I have provided an honest review after having received a copy of the book through the Fiction Guild.
Monday, May 1, 2017
Some believed he was the second coming of Christ. William wasn’t so sure. But when that drifter was buried next to the family distillery, everything changed.
Now that Prohibition has ended, what the townspeople of Twisted Tree, Kentucky, need most is the revival of the Old Sam Bourbon distillery. But William McFee knows it’ll take a miracle to convince his father, Barley, to once more fill his family’s aging house with barrels full of bourbon.
When a drifter recently buried near the distillery begins to draw crowds of pilgrims, the McFees are dubious. Yet miracles seem to come to those who once interacted with the deceased and to those now praying at his grave. As people descend on the town to visit the “Potter’s Field Christ,” William seeks to find the connection between the tragic death of his younger brother and the mysterious drifter.
But as news spreads about the miracles at the potter’s field, the publicity threatens to bring the depth of Barley’s secret past to light and put the entire McFee family in jeopardy.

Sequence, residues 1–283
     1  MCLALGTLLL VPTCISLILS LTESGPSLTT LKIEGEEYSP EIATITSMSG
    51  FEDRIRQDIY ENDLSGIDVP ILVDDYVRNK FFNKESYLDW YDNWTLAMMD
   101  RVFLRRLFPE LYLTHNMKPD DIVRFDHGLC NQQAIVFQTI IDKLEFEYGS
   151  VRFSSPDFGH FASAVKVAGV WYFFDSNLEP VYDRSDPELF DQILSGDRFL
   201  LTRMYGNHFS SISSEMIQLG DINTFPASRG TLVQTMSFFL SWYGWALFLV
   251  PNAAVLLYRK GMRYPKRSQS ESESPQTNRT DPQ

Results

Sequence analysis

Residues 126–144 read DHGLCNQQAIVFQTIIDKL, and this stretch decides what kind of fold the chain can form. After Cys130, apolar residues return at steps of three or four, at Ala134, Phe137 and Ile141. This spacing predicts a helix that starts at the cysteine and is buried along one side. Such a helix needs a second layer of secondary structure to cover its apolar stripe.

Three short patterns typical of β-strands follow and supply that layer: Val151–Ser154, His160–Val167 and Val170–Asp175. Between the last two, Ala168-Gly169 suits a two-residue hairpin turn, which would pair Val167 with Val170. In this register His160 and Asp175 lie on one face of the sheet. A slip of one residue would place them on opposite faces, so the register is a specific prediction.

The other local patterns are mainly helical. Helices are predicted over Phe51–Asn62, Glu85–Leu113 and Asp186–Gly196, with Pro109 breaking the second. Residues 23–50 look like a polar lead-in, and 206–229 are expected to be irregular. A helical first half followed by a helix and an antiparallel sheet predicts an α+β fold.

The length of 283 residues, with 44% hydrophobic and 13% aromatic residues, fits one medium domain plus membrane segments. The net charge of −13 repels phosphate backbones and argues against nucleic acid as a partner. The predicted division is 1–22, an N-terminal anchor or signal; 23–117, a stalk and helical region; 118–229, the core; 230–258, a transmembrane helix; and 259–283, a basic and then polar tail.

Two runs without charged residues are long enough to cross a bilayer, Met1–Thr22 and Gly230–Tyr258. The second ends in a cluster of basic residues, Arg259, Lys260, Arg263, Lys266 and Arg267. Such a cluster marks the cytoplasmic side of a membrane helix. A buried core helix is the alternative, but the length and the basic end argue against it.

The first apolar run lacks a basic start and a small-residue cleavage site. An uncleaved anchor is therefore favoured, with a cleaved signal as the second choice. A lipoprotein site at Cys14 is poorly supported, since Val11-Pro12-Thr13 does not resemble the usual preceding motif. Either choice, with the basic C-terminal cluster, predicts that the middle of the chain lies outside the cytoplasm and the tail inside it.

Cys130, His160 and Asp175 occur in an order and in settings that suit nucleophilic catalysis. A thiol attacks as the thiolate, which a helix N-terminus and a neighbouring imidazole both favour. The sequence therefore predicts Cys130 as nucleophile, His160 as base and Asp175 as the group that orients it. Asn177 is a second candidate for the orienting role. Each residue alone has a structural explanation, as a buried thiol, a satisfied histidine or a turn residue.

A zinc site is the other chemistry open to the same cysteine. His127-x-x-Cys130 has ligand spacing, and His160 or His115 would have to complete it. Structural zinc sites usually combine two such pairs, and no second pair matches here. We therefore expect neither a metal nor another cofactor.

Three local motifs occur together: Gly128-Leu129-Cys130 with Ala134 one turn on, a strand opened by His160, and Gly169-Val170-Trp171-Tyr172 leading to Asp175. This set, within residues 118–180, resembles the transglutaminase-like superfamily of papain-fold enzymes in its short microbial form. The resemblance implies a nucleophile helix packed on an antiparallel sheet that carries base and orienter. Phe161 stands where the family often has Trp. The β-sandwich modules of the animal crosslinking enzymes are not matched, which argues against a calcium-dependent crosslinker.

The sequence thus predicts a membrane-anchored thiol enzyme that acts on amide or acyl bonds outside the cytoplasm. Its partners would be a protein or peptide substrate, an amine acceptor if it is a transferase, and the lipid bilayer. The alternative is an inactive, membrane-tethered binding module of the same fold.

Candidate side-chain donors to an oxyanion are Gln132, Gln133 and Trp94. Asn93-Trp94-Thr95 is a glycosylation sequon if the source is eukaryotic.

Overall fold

The Angels’ Share is a story of fathers and sons, of young romance, of revenge and redemption, and of the mystery of miracles.
My Thoughts: The Angels' Share is a good read. The writing is compelling and sucks you into the time period as well as William's chaotic life, inserting you into the setting of Twisted Tree. The story literally opens with a bang and leaves with one as well. Though the pace is slow, there is nothing dull or uninteresting about it.
At times, the lingo was a little much. The author Markert writes as though you already know what most of the terms mean and, though there are context clues, I still was not sure about the meaning of a few. As well, the period slang is thick throughout the dialogue, which was both good and at times stereotypical. I've listened to recordings of mobsters who didn't sake "Jack" so often.
I would also not come looking to this book for a "Christian" read. Despite it's being published by Thomas Nelson, I found it hard to pinpoint a Christian message. Don't get me wrong, the story is great and if you are not looking for a scriptural message, then this is perfect. The "Potter's Field Christ" is portrayed as a character whom no one can agree on, who lived in a time when no one could agree on what they believed anyway.
In some aspects, the story does place the reader in the position of the Israelites during the time of Christ, unsure which narrative they have heard is true. In that respect, it makes for an interesting discussion though I disagree with many of the parallels drawn. As to whether or not you might like this novel, I guess that depends on what you are looking for.
I have provided an honest review after having received a copy of this book from the publisher.